(Hannah Weiner in Silent Teacher, 1993)

“I see words” – announced Hannah Weiner at the beginning of the 70s, and she withdrew her work process from social and collaborative activism to her very singular research of language in analogy to her sense ability, as well as to provoke and write down: how can one capture and copy down the language taking place around one? How react to the constant achievement of language? In answering these questions Hannah Weiner no longer made texts out of her own words but rather she intervened in the language material around her and translated it into hour-long or day-long sessions immediately from her subjective field of perception into a form of writing or imaging. Between 1971 and 1978 Weiner worked exclusively on the Clairvoyant Journals, which she published as excerpts in various sub-cultural magazines, poetry newsletters and anthologies. The Clairvoyant-Journals were followed by various book projects, including Weeks (1986), which translates the communications structure of television, and Silent Teachers (1989 – 91), in which the poems lay out clairvoyantesque dialogues with fictitious “teachers”. Apart from her work as a writer, Hannah Weiner also appeared regularly at the Poetry Center St. Marks Church and readings – for example in the legendary avant-garde broadcasting program Public Access Poetry – make clear how close her poetry is to performance. In addition, her visual and other styles of real-time transcriptions of the language taking place around her gained increasing influence as avant la letter poetry in the context of Language Poets. How difficult it remained to find a place for her work in the current genres of literature is shown by the insistent search for new terms to describe her idiosyncratic form of writing; Avant-garde Journalism (Patrick Durgin) or Large Sheet Poetry (Weiner) are some examples of that.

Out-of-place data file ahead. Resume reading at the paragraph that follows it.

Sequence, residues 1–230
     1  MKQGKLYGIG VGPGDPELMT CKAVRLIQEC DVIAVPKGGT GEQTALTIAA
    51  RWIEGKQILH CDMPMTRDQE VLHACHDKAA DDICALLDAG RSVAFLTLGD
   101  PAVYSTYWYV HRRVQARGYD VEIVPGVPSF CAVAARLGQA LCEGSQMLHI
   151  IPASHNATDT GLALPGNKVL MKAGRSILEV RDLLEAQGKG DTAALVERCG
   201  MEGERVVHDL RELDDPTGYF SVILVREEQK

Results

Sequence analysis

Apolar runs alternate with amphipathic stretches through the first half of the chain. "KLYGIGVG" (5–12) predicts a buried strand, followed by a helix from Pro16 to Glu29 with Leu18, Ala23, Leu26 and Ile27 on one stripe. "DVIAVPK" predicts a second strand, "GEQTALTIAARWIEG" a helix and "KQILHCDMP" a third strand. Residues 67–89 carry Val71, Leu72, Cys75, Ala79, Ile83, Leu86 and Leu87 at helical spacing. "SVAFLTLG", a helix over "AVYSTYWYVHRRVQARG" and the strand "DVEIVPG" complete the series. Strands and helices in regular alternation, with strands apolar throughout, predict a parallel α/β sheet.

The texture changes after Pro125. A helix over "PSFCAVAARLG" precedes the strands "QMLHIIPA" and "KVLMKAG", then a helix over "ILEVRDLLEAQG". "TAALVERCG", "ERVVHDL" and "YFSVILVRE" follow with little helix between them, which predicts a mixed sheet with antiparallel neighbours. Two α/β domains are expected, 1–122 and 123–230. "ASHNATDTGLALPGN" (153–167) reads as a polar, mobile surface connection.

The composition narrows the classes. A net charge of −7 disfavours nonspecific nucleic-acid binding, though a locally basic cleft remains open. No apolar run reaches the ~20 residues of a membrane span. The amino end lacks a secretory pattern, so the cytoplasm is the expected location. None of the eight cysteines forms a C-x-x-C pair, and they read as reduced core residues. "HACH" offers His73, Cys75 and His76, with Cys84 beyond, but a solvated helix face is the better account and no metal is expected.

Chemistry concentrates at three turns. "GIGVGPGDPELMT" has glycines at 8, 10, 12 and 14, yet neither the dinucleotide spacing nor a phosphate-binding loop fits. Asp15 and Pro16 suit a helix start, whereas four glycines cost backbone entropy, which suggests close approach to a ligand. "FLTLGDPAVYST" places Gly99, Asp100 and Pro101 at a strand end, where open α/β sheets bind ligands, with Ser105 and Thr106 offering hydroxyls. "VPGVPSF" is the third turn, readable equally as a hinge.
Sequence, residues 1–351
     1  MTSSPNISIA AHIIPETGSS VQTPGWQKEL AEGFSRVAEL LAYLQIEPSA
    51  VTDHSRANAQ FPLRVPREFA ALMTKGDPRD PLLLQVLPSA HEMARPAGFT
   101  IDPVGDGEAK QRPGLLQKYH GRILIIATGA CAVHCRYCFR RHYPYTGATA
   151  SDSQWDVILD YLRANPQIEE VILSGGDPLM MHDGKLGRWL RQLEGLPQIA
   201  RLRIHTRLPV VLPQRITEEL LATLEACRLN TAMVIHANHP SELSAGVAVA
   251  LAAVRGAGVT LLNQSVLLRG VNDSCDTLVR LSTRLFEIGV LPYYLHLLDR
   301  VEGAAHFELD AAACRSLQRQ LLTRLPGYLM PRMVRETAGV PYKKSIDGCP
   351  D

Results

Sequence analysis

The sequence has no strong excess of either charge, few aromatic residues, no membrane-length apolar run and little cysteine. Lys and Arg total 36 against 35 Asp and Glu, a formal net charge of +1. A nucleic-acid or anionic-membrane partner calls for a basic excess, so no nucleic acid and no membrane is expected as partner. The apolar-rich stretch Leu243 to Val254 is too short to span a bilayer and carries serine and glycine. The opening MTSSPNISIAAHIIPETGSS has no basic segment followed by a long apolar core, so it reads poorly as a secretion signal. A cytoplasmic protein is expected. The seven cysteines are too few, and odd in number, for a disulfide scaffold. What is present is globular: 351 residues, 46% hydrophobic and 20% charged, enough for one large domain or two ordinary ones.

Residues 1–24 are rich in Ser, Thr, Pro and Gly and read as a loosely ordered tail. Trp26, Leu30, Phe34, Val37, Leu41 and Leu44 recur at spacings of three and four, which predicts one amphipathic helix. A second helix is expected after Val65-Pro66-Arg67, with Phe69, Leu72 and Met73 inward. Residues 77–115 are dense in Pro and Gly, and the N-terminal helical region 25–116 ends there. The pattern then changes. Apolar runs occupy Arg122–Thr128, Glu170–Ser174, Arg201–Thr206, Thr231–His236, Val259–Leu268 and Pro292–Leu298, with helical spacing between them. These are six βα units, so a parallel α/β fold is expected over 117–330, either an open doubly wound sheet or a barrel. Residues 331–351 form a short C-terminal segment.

After her death, the reception of Hannah Weiner took place mainly in the context of disability studies, American innovative poetry (especially with a feminist perspective), and 1970s conceptual language discourse. However, especially through the communications work of Charles Bernstein, the executor of her literary heritage, and the researches of Patrick Durgin (Hannah Weiner Open House, Kenning Editions, 2007) Weiner’s work has enjoyed a major revaluation, which pays respect not only to her influence on the movement of Language Poetry (the second generation) but also to her role in the New York avant-garde performance scene.

In the exhibition at the Kunsthalle Zürich, Hannah Weiner‘s work is being shown comprehensively for the first time in the context of contemporary art. While today strategies and positions are being sought for the new communications media, long before our time Hannah Weiner demonstrated possibilities for appropriating language in transformation and giving it new settings.

Curated by Franziska Glozer

Press information

For image enquiries, further information on the exhibition programme and interviews please contact Aoife Rosenmeyer: presse [​at​] or +41 (0)44 272 15 15